If Kerry thinks he has such a great relationship with Iran why doesn’t he do something? It is embarrassing how sad this has been. Terrorists around the world can’t wait to deal with our soldiers in the field.
Check it out:

It’s not clear which is more pathetic: that Iran apparently demanded an apology from the United States for what was clearly an accident, or that these vessels suffered a mechanical failure in a critical situation and then lost communication with their command ship. It’s a painful reminder that our armed forces have been starved of funds to maintain and repair equipment during Obama’s watch as commander-in-chief, and they’ve also watched their numbers steadily shrink.

Even worse, this incident comes weeks after Iran taunted us by suddenly test-firing a missile less than 1,500 yards away from American ships that were patrolling the Hormuz Straits. We of course did nothing, just as we will do nothing to retaliate against Iran for seizing our Navy personnel this time. Next time, the test-firing might be only 500 yards away, or 500 feet. Next time, American sailors might not be released. And why not? Tehran clearly views America with contempt, pegging us as a feeble former superpower trapped in death-spiral decline. Our own president sees us the same way, so why shouldn’t one of our leading enemies? Now, a real commander-in-chief would have demanded not only the immediate and unconditional release of our sailors, but the release as well of the other five Americans being held hostage in Iran even as you read this post.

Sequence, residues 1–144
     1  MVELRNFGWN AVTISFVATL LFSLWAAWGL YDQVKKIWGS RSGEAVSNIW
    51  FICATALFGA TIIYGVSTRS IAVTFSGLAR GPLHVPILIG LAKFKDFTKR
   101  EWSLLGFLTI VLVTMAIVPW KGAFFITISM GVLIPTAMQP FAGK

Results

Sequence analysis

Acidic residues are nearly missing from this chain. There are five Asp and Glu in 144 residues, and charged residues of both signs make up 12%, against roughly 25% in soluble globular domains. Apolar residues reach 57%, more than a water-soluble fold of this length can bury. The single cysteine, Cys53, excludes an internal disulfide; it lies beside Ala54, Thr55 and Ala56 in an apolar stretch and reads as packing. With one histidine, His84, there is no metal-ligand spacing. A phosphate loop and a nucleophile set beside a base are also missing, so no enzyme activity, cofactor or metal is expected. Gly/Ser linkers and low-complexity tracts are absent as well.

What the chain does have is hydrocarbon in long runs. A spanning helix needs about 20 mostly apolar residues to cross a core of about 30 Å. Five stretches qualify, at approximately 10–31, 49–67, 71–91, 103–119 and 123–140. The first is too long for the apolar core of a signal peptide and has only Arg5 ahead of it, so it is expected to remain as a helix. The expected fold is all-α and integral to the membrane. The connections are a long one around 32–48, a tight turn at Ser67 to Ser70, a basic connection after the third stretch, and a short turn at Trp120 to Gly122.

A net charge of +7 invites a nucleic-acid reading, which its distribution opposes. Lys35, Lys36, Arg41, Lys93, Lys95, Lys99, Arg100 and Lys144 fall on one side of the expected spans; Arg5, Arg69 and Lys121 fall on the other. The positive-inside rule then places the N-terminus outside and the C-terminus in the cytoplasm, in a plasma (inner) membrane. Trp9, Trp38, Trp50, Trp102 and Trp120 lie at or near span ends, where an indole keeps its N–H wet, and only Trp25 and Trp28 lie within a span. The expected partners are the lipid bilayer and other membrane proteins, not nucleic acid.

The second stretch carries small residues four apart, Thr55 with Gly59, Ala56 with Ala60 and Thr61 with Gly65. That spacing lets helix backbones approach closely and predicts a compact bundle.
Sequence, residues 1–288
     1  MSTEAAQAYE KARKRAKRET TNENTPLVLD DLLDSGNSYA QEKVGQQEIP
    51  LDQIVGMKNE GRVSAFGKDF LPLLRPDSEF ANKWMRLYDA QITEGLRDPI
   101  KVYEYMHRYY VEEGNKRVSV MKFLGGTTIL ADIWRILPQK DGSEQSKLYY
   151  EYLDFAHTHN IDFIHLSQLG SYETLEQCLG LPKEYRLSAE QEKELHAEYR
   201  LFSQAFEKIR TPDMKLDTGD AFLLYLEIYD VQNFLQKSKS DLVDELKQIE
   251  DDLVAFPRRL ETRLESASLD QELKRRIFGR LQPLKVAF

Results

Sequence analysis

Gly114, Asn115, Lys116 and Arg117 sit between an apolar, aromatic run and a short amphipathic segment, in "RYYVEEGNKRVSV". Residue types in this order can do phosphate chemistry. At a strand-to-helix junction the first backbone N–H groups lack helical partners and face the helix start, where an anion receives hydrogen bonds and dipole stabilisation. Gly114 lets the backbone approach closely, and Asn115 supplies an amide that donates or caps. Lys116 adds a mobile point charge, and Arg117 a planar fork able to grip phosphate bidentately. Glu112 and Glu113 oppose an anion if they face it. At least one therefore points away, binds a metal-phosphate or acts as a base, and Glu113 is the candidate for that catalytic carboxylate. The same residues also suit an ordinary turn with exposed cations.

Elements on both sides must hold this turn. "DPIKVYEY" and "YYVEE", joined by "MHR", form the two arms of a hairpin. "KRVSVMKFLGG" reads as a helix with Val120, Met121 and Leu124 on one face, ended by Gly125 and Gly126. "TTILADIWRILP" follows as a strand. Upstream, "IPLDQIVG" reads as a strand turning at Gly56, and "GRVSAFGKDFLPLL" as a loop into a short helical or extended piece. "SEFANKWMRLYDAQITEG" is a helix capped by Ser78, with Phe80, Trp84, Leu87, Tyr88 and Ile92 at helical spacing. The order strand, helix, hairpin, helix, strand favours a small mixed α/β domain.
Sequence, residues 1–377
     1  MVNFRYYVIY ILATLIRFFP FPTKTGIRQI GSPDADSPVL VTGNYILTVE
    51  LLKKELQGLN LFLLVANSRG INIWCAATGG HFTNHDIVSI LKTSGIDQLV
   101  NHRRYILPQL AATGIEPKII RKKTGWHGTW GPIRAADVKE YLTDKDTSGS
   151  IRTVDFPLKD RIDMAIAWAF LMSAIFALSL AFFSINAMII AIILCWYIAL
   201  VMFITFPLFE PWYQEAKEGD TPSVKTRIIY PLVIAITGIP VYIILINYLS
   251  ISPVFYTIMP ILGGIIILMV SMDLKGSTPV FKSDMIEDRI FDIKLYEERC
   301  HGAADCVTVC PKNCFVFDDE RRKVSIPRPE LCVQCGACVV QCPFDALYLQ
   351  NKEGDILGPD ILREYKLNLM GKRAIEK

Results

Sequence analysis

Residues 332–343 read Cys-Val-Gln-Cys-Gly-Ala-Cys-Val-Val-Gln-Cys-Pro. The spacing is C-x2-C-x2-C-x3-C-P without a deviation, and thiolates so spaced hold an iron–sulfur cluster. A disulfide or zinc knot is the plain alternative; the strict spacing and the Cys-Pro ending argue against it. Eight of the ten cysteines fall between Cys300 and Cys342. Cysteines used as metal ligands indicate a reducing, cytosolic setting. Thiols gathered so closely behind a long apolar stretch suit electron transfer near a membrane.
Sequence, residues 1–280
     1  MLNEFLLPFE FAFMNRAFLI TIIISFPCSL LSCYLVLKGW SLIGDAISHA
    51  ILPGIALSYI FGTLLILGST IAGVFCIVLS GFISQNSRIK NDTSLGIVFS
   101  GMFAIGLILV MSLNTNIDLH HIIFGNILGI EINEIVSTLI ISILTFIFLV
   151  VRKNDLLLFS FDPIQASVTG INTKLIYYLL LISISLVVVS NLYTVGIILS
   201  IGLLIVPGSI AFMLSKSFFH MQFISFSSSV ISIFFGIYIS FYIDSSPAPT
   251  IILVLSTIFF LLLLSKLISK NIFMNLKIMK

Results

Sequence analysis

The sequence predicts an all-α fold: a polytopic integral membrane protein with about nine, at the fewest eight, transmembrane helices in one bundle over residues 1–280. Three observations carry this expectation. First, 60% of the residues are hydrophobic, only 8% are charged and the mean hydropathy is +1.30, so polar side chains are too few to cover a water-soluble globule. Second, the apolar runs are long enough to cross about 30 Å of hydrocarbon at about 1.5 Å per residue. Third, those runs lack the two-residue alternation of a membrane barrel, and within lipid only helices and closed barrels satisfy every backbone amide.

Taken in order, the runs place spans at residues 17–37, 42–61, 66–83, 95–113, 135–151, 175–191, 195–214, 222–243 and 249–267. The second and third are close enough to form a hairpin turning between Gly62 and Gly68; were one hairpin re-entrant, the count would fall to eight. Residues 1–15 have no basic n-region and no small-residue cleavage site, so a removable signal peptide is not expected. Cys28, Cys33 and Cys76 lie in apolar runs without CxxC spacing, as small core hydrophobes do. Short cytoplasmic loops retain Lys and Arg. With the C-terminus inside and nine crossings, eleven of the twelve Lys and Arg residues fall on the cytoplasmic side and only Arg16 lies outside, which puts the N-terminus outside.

They are:

  • Jason Rezaian, a reporter for the Washington Post who is being held on charges of subverting the Islamic Republic;
  • Saeed Abedini, a Christian pastor who converted from Islam and was in Iran working on an approved orphanage project until he was arrested, charged, and sentenced to eight years in prison as a “threat to Iran’s national security”;
  • Amir Hekmati, a former Marine who was on a visit to Iran, his parents’ homeland, when he was arrested and sentenced to death as a spy;
  • Robert Levinson, a retired FBI and DEA agent who was kidnapped in March 2007 and has been in prison ever since. He has been held in Iranian captivity longer than any American in history, even longer than the U.S. Embassy hostages in 1979–80; and
  • Siamak Namazi, an American-born businessman who has dual U.S.-Iranian citizenship, and who was seized and held without trial sometime in October 2015. He is now held in solitary confinement in the notoriously brutal Evin prison.